Home News What’s keeping the US from allowing better sunscreens? – The Mercury News

What’s keeping the US from allowing better sunscreens? – The Mercury News


Michael Scaturro | KFF Health News (TNS)

When dermatologist Adewole “Ade” Adamson sees people spritzing sunscreen as if it’s cologne at the pool where he lives in Austin, Texas, he wants to intervene. “My wife says I shouldn’t,” he said, “even though most people rarely use enough sunscreen.”

At issue is not just whether people are using enough sunscreen, but what ingredients are in it.

The Food and Drug Administration’s ability to approve the chemical filters in sunscreens that are sold in countries such as Japan, South Korea, and France is hamstrung by a 1938 U.S. law that requires sunscreens to be tested on animals and classified as drugs, rather than as cosmetics as they are in much of the world. So Americans are not likely to get those better sunscreens — which block the ultraviolet rays that can cause skin cancer and lead to wrinkles — in time for this summer, or even the next.

Sunscreen makers say that requirement is unfair because companies including BASF Corp. and L’Oréal, which make the newer sunscreen chemicals, submitted safety data on sunscreen chemicals to the European Union authorities some 20 years ago.

Steven Goldberg, a retired vice president of BASF, said companies are wary of the FDA process because of the cost and their fear that additional animal testing could ignite a consumer backlash in the European Union, which bans animal testing of cosmetics, including sunscreen. The companies are asking Congress to change the testing requirements before they take steps to enter the U.S. marketplace.

In a rare example of bipartisanship last summer, Sen. Mike Lee, R-Utah, thanked Rep. Alexandria Ocasio-Cortez (D-N.Y.) for urging the FDA to speed up approvals of new, more effective sunscreen ingredients. Now a bipartisan bill is pending in the House that would require the FDA to allow non-animal testing.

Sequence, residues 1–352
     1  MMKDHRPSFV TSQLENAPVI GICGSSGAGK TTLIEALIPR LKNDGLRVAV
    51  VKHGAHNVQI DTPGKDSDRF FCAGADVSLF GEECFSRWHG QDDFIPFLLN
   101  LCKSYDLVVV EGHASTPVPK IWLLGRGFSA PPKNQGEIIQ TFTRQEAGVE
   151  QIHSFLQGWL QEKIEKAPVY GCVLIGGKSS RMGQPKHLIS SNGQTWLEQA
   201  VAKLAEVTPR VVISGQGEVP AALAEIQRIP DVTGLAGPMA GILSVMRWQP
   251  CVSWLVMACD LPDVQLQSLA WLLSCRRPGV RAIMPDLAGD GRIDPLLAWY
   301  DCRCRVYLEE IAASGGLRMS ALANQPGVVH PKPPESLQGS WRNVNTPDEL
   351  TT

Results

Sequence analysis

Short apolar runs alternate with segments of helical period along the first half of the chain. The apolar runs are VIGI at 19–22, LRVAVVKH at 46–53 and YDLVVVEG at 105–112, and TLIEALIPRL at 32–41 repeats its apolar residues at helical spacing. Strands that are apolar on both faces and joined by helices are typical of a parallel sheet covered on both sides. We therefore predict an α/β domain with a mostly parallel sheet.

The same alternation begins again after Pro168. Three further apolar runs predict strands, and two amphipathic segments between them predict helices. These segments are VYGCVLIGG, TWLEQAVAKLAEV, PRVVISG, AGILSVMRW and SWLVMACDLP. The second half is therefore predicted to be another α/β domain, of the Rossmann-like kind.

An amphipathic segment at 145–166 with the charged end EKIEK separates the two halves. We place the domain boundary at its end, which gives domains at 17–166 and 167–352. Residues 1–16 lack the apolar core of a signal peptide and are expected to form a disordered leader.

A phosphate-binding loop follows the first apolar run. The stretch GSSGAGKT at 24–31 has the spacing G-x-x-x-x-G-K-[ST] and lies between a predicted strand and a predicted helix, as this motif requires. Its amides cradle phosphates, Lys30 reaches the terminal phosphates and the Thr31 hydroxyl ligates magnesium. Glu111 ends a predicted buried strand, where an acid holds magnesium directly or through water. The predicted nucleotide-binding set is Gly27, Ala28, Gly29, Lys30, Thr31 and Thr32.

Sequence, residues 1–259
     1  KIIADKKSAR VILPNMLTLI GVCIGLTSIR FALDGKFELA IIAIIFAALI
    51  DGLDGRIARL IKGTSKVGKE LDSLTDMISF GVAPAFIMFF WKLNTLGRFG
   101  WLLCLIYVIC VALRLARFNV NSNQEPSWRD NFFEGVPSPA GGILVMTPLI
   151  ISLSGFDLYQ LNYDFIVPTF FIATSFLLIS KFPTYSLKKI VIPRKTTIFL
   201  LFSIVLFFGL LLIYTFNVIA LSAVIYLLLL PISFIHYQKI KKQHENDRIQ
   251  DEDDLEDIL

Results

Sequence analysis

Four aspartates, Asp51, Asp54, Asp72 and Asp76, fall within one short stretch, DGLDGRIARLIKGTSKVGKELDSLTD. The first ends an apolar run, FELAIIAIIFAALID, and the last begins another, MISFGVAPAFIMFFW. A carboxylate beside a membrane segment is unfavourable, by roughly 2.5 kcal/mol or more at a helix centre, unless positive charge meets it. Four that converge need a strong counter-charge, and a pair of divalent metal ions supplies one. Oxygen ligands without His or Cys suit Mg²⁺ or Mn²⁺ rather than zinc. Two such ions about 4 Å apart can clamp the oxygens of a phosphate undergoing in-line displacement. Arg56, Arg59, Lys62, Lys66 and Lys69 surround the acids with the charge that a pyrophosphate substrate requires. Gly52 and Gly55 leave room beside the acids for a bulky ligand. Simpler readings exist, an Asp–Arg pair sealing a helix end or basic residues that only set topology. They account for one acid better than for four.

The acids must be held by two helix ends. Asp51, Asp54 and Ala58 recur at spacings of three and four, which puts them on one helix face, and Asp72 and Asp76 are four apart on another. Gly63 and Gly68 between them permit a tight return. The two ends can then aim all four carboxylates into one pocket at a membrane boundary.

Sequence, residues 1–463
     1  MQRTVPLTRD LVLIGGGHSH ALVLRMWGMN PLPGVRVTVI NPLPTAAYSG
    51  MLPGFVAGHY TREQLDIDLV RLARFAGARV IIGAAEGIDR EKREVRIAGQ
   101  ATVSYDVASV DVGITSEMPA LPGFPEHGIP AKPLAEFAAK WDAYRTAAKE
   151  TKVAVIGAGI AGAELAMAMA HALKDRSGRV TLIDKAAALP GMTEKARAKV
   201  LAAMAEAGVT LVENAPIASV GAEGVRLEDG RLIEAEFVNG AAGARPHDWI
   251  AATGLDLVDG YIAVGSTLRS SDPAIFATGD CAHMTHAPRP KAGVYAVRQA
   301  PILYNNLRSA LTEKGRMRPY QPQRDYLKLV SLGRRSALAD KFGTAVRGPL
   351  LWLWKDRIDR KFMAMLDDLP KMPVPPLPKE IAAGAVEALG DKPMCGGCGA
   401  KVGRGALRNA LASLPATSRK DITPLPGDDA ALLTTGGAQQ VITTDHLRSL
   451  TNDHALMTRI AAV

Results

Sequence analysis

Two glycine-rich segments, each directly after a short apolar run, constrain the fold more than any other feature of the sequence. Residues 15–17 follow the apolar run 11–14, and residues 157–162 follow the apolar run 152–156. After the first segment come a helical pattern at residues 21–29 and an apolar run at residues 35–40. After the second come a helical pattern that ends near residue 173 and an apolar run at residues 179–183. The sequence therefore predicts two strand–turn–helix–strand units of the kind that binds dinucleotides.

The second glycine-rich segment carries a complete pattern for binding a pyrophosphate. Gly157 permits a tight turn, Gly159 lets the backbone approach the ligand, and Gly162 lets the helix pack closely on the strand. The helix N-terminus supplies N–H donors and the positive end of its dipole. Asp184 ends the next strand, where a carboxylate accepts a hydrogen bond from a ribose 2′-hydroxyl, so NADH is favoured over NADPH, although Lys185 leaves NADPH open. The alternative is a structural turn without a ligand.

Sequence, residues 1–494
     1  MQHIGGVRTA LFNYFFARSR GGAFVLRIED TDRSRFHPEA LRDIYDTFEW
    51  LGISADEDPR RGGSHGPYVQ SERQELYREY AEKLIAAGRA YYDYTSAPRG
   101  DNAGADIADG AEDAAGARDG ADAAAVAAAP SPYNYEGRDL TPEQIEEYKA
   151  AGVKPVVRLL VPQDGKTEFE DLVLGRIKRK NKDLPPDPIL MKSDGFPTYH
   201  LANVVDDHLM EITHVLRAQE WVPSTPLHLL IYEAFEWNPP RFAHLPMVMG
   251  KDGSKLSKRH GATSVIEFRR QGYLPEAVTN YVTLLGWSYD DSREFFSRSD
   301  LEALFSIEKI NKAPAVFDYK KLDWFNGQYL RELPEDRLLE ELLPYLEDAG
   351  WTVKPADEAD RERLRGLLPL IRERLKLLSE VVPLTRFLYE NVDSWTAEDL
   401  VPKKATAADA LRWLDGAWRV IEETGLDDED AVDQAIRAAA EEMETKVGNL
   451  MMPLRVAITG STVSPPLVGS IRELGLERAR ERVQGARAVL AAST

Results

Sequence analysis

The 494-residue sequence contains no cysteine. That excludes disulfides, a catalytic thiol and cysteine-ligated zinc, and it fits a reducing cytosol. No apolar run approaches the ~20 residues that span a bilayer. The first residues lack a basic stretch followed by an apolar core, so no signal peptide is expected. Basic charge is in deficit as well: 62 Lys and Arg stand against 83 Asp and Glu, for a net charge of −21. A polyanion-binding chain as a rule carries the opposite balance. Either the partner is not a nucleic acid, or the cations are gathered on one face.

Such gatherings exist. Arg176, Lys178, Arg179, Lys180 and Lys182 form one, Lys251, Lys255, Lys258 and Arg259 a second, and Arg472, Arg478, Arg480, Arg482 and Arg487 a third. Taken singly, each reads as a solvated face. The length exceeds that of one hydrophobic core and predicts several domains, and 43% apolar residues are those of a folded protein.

“It goes back to sunscreens being classified as over-the-counter drugs,” said Carl D’Ruiz, a senior manager at DSM-Firmenich, a Switzerland-based maker of sunscreen chemicals. “It’s really about giving the U.S. consumer something that the rest of the world has. People aren’t dying from using sunscreen. They’re dying from melanoma.”

Every hour, at least two people die of skin cancer in the United States. Skin cancer is the most common cancer in America, and 6.1 million adults are treated each year for basal cell and squamous cell carcinomas, according to the Centers for Disease Control and Prevention. The nation’s second-most-common cancer, breast cancer, is diagnosed about 300,000 times annually, though it is far more deadly.

(Lydia Zuraw/KFF Health News)
(Lydia Zuraw/KFF Health News) 

Dermatologists Offer Tips on Keeping Skin Safe and Healthy

– Stay in the shade during peak sunlight hours, 10 a.m. to 4 p.m. daylight time.– Wear hats and sunglasses. – Use UV-blocking sun umbrellas and clothing. – Reapply sunscreen every two hours.You can order overseas versions of sunscreens from online pharmacies such as Cocooncenter in France. Keep in mind that the same brands may have different ingredients if sold in U.S. stores. But importing your sunscreen may not be affordable or practical. “The best sunscreen is the one that you will use over and over again,” said Jane Yoo, a New York City dermatologist.

Though skin cancer treatment success rates are excellent, 1 in 5 Americans will develop skin cancer by age 70. The disease costs the health care system $8.9 billion a year, according to CDC researchers. One study found that the annual cost of treating skin cancer in the United States more than doubled from 2002 to 2011, while the average annual cost for all other cancers increased by just 25%. And unlike many other cancers, most forms of skin cancer can largely be prevented — by using sunscreens and taking other precautions.

But a heavy dose of misinformation has permeated the sunscreen debate, and some people question the safety of sunscreens sold in the United States, which they deride as “chemical” sunscreens. These sunscreen opponents prefer “physical” or “mineral” sunscreens, such as zinc oxide, even though all sunscreen ingredients are chemicals.

“It’s an artificial categorization,” said E. Dennis Bashaw, a retired FDA official who ran the agency’s clinical pharmacology division that studies sunscreens.

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